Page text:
Friday, 13 December 2019

Whatever Happened To... Johnny Thunder?



Johnny Thunder was a long running cowboy hero from a period when both Marvel & DC had a ton of 'em. Like Daredevil, mild mannered John Tane had promised his Ma he'd never raise a hand in violence and so became the town's schoolmaster, but unfortunately his Sheriff Pa was always on at him to become his deputy and help out with the owlhoots causing trouble around town.
If you're unsure of John's solution, you've clearly never read a comic before, as sidestepping the mask route beloved of DC's Nighthawk and Marvel's original Ghost Rider, John becomes Johnny Thunder, scourge of desperados everywhere, by the simple expedient of... er, dying his hair and naming his horse Black Lightnin', even though it's as white as a polar bear sucking a mint in a snowstorm.
Granted, Johnny was no Jonah Hex, but he was drawn by Gil Kane, raising him instantly head and shoulders above all the other western heroes out there. Here he is in '50's action:






But whatever happened to him? Well, it seems he got involved with another sharpshootin' hero, a female one named Madam.44. and the pair spent a good few issues circling round each other after discovering their respective secret identities. I don't have that story, sadly, but here's the follow-up, courtesy of Whatever Happened To...?










15 comments:

  1. Very cute second story, having him tell it to the kiddos!

    Gene Poole

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  2. Some strong Lou Fine influence in Kane's art in that first story, & a touch of Toth.

    Regards,
    Chris A.

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  3. Always nice to see some Kane art that I'm not all that familiar with. Thanks.

    The only reason I even know who these characters are is because they (And all the other DC Silver Age western heroes) popped up in Veitch's Swamp Thing run.

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  4. The only reason I know is 'cos of this story! And yeah, Gil was a big fan of Lou Fine, as they all were of that generation, I think.

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  5. I never before saw this Kubert cover for Super DC Giant #22 which the first story reprint was in:

    http://images.wwcomics.com/images/large/TpGun_22_91.jpg

    Regards,
    Chris A.

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  6. Gil Kane is in my top five favorite comics artists list. I laugh when others complain of the infamous nostril shots.

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    1. Neal Adams did his fair share of those, too. Used sparingly a low "camera" angle can add dramatic impact to a shot.

      Regards,
      Chris A.

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    2. Gil Kane's best 70s up-the-nostrils shots were when he was inked by Klaus Janson, who's dramatic double lighting gave the pencils a more 3d quality, so you were really looking up those noses.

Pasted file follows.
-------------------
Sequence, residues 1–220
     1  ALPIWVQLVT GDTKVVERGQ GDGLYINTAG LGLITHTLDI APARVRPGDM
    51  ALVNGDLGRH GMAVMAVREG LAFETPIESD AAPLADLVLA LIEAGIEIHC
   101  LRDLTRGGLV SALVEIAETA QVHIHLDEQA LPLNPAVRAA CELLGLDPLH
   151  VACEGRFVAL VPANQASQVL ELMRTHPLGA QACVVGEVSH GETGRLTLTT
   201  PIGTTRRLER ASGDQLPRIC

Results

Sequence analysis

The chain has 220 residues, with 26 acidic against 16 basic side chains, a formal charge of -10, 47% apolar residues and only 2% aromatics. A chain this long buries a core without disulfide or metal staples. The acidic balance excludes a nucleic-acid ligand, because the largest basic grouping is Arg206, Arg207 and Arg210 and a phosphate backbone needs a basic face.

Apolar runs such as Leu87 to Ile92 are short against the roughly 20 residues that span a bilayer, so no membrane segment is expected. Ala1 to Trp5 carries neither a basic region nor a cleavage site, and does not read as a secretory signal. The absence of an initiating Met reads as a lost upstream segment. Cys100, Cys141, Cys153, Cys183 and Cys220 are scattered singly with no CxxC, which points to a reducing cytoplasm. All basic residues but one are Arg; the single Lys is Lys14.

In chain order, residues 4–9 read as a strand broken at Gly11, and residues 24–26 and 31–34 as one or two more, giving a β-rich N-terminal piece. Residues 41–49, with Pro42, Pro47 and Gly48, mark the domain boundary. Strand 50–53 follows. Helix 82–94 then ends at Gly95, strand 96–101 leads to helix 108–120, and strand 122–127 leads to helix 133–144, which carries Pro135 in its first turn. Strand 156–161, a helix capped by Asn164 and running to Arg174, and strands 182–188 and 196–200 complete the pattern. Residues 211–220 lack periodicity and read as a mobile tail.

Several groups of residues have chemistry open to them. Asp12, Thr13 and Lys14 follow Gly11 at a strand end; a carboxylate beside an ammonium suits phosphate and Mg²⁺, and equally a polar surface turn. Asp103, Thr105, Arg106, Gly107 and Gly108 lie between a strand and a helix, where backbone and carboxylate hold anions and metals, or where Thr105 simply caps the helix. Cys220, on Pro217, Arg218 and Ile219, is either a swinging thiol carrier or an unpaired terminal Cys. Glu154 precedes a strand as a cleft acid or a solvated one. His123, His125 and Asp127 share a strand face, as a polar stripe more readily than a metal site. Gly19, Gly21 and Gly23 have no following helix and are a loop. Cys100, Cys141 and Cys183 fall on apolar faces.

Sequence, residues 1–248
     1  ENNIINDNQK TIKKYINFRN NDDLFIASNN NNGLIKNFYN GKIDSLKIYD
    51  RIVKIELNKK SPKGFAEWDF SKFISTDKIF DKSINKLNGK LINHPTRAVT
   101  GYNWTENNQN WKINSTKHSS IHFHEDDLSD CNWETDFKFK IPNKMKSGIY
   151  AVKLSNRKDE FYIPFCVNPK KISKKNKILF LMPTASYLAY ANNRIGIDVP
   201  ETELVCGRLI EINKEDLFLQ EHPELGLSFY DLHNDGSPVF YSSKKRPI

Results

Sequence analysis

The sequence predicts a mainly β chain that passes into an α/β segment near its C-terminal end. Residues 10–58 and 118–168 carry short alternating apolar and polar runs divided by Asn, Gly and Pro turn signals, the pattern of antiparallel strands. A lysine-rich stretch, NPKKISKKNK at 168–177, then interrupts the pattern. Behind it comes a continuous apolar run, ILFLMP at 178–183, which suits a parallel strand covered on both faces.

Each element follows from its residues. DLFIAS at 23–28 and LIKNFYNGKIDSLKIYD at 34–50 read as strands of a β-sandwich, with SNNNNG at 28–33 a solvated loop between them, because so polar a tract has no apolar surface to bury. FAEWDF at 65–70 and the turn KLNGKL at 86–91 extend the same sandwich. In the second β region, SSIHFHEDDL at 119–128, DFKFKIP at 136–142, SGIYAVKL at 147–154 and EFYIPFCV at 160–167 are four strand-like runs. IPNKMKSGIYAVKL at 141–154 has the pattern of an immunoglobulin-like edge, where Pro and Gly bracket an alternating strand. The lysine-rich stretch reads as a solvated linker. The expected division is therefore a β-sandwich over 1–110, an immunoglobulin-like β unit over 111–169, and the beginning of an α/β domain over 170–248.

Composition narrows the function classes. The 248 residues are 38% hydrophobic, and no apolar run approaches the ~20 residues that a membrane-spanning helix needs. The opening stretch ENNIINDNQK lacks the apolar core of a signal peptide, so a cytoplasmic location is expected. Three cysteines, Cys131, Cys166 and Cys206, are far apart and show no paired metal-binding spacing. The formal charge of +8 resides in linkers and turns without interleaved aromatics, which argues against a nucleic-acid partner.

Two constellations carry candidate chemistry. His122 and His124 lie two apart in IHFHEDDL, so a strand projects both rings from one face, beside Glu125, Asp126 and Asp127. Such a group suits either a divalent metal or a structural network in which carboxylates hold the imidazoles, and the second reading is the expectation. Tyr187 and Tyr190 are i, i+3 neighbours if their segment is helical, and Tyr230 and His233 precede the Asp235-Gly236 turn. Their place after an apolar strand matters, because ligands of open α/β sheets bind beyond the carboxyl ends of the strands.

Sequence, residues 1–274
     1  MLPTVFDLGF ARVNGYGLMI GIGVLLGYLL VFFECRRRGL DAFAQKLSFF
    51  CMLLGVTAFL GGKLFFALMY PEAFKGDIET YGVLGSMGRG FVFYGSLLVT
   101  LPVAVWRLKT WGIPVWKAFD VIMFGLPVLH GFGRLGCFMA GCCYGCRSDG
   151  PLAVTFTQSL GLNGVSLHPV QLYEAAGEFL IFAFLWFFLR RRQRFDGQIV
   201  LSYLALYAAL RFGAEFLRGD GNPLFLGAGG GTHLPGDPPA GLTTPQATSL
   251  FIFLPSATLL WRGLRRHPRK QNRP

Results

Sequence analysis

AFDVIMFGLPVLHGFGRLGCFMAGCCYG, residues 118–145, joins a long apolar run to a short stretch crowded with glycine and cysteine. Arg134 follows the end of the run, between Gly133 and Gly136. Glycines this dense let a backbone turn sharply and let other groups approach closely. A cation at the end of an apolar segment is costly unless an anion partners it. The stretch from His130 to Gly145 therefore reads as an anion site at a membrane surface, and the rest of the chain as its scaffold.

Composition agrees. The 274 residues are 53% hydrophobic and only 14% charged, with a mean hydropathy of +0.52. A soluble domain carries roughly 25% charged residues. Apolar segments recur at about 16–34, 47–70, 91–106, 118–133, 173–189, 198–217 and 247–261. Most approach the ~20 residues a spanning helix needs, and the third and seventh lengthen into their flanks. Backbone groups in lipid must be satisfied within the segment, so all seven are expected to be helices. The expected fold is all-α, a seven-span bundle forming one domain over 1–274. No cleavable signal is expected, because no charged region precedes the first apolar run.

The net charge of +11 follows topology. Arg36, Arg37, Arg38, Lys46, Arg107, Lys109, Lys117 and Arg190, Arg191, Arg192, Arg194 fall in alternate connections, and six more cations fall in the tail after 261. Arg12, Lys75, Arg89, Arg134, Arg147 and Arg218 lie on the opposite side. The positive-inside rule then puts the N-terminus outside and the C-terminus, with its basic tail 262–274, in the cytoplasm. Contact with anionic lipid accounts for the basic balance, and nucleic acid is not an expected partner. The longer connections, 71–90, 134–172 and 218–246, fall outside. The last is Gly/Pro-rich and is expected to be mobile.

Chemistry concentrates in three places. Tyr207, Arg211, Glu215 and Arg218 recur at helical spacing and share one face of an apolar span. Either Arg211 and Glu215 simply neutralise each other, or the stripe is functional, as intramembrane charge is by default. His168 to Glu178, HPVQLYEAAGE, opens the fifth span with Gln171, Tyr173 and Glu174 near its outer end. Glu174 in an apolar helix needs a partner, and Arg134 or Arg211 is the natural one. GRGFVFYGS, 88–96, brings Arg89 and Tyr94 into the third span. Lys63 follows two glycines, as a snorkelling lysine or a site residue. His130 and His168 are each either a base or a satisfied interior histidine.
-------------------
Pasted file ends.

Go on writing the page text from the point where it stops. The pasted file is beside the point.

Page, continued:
-sean

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    3. It's great to see Klaus still working in the industry today.

      Gene Poole

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  7. I thought he was in the New York Dolls.

    - Neil

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  8. Been trying to post this at the Kids´s page, but it was impossible. So, here you are!

    Don´t know if somebody is reading it, but, I just want to wish all of you a very Happy Year!!!!

    Full of comics, of course. First stop -and I got my fingers firmly crossed- the graphic novel of David Bowie by Mike Allred that will be published next week (and in Spain at the end of January). Hate "Red Rocket 7", but, as a Bowie fan, I have the highest hopes for this. "Freak out in a moonage daydream. Oh yeah!"

    Manuel Ruiz

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    Replies
    1. Feliz Año Nuevo, Manuel! The French call comics bandes dessinees, the Brazilians call them quadrinhos and different South American countries call them novelitas or foto novelas. What do you call comics in Spain?

      Gene Poole

      Gene Poole

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  9. It's Tebeos. The fonetical form from TBO, a very popular magazine in the 40s and ahead here.

    Manuel Ruiz

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  10. In the last panel proud father John Tane refers to his son as "...bouncing baby boy Chuck..."; the real name of Bouncing Boy is Chuck Taine. Now that, people, is how you do an Easter egg.

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  11. Diversions of the Groovy Kind is back & with weekly instalments!

    Time for countermeasures, Pete! ;)

    Regards,
    Chris A.

    ReplyDelete